Sometimes, it’s as simple as refusing to hear what we don’t want to hear. For instance, early in 2021, preliminary research from Imperial College London showed that the life-enhancing benefits of microdosing, as reported on countless podcasts and blogs, may be attributable to the placebo effect.
The response of the microdosing community?
A chorus of people instantly ripped on the study, refusing to consider the possibility that the results had validity, because… well, the results jived with neither their beliefs nor their advertisements for the microdosing programs they sell.
Such instances of bypassing are easy to recognize. Other times, bypassing is more complex, stemming from sources beyond the reach of awareness.
Psychological vs. Spiritual
Robert Augustus Masters argues that bypassing flourishes when the spiritual is split from and given more significance than the psychological. Countless spiritual practices emphasize “letting go” of pain, securing stability in a palace of positivity whose iron gates seal out all dementors. “Don’t mind the dementors that breach the castle in your nightmares!” the spiritual teacher preaches. “Just focus on the light, and your pain will dissolve away.”
The thing is, that pain often stems from psychological wounds, and spiritual practice that denies it won’t make it disappear. While meditation can be healing, it can also enhance patterns of disassociation and withdrawal that bar people from experiencing intimacy and love.
Buddhist teacher Jack Kornfield speaks to this phenomenon in his book, A Path With Heart. After a decade of vigorous Buddhist training, Kornfield felt he had resolved his issues. However, when he returned to the States and entered a romantic relationship, he found he was “still emotionally immature, acting out the same painful patterns of blame and fear, acceptance and rejection that I had before my Buddhist training” (2002, p. 7).
Kornfield’s monastic isolation kept him distant from his deepest wounds, which were relational in nature. “I’ve seen how many other students misunderstand spiritual practice, how many have hoped to use it to escape from their lives” and “avoid the pains and difficulties of human existence” writes Kornfield (p. 6).
Whether we meditate for decades or blast ourselves into cosmic unity with every psychedelic under the sun, we still may be avoiding the most pertinent issues stunting our psychological development.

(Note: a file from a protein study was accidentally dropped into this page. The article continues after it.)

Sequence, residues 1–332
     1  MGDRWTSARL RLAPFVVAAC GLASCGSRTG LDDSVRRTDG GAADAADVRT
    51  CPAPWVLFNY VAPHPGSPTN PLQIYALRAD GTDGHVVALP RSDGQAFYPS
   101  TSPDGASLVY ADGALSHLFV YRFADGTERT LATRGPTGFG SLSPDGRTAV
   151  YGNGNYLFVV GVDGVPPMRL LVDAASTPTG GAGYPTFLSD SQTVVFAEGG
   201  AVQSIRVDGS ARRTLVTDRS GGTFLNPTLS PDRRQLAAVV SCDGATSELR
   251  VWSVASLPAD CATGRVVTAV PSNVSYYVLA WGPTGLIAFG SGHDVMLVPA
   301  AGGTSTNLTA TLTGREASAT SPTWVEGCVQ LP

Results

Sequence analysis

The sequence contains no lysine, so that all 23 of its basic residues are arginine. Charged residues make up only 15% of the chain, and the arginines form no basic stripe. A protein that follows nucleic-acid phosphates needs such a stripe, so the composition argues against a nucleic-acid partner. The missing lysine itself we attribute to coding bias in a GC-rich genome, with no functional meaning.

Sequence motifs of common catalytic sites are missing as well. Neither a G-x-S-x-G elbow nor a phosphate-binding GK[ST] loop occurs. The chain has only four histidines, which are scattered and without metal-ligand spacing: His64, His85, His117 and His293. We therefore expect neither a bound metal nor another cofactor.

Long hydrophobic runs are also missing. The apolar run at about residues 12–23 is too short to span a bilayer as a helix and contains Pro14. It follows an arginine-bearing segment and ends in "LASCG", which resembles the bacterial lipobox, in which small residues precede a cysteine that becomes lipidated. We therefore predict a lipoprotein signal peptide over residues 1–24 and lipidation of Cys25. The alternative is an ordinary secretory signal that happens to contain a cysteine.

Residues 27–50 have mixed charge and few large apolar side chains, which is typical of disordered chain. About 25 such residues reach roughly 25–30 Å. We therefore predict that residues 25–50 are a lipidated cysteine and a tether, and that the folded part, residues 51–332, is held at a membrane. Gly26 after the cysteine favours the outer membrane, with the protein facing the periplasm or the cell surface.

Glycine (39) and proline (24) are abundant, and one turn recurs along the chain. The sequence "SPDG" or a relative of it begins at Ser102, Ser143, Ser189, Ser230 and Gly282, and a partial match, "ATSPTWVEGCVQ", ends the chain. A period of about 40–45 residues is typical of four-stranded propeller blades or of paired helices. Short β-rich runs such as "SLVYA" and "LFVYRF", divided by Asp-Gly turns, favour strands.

The Traps of Transcendence and Oneness
Transcendence is a psychedelic buzzword, often regarded as a healing path of “overcoming” wounds and becoming more whole. It can also justify bypassing, for many transcenders cast negative judgment on that which must be transcended — often their psychological and emotional pain.
“When transcendence of our personal history takes precedence over intimacy with our personal history, spiritual bypassing is inevitable,” Masters writes (2010, p. 12). Healthy transcendence embraces that which is transcended, while “unhealthy transcendence avoids it, making a spiritual virtue out of rising above whatever is deemed ‘lower’ or ‘darker’ elements of our nature” (p. 29).
In the framework of influential transpersonal psychologist Ken Wilber, development is not about transcending, but transcending and including what came before.
Transcendence is similar to another psychedelic buzzword, “oneness.” In the face of conflict and difference, many psychedelic advocates like to remind others that “we are all one.” While this is true at some metaphysical level, it invalidates the reality of difference and the struggles many face because of those differences, such as people who hold marginalized identities and experience overt oppression every day.
What kind of “oneness” casts out all who don’t bliss out on the same medicine? Nothing more than the oneness of a bubble that resists what threatens to pop it.
The Happy Place Where Egos Die
Masters writes that we are vulnerable to spiritual bypassing when we practice to reach a better place — where suffering is abolished, where love and light reign in the resuscitated Garden of Eden.
When that’s the ideal, we villainize and shame the parts of ourselves we believe block us from that idealized perfection. We may even deny their existence, because according to our high/low, positive/negative ethic, these parts indicate we are far from reaching Happy Fun Land. If we’ve been presenting ourselves as a spiritually-evolved being, then no one can know about these parts of us! So we shove them down with a Buddha smile, forcing ourselves to connect to compassion and eliminate the enemy of our “lower” nature.
This trend is especially evident in the psychedelic concept of “ego death.” Psychedelic folks often villainize the “ego,” which is typically comprised of these “lower” aspects of our nature. When ego death is the aim, anything resembling ego becomes an obstacle. When ego is not recognized as an essential part of our inner world, that essential part of our inner world becomes the villain, creating a war within ourselves.
I imagine this is partly due to psychedelic healing being framed in the same way that yoga, meditation, and numerous “alternative” healing methods are marketed: Do this, and your life will improve dramatically. This idea is even more intoxicating with psychedelics because a) they work faster, and b) a boatload of science backs up their efficacy. But when we fall prey to this “magic pill” mentality, we follow a falsely advertised claim that psychedelics will transport us to Big Rock Candy Mountain, where our egoic problems evaporate.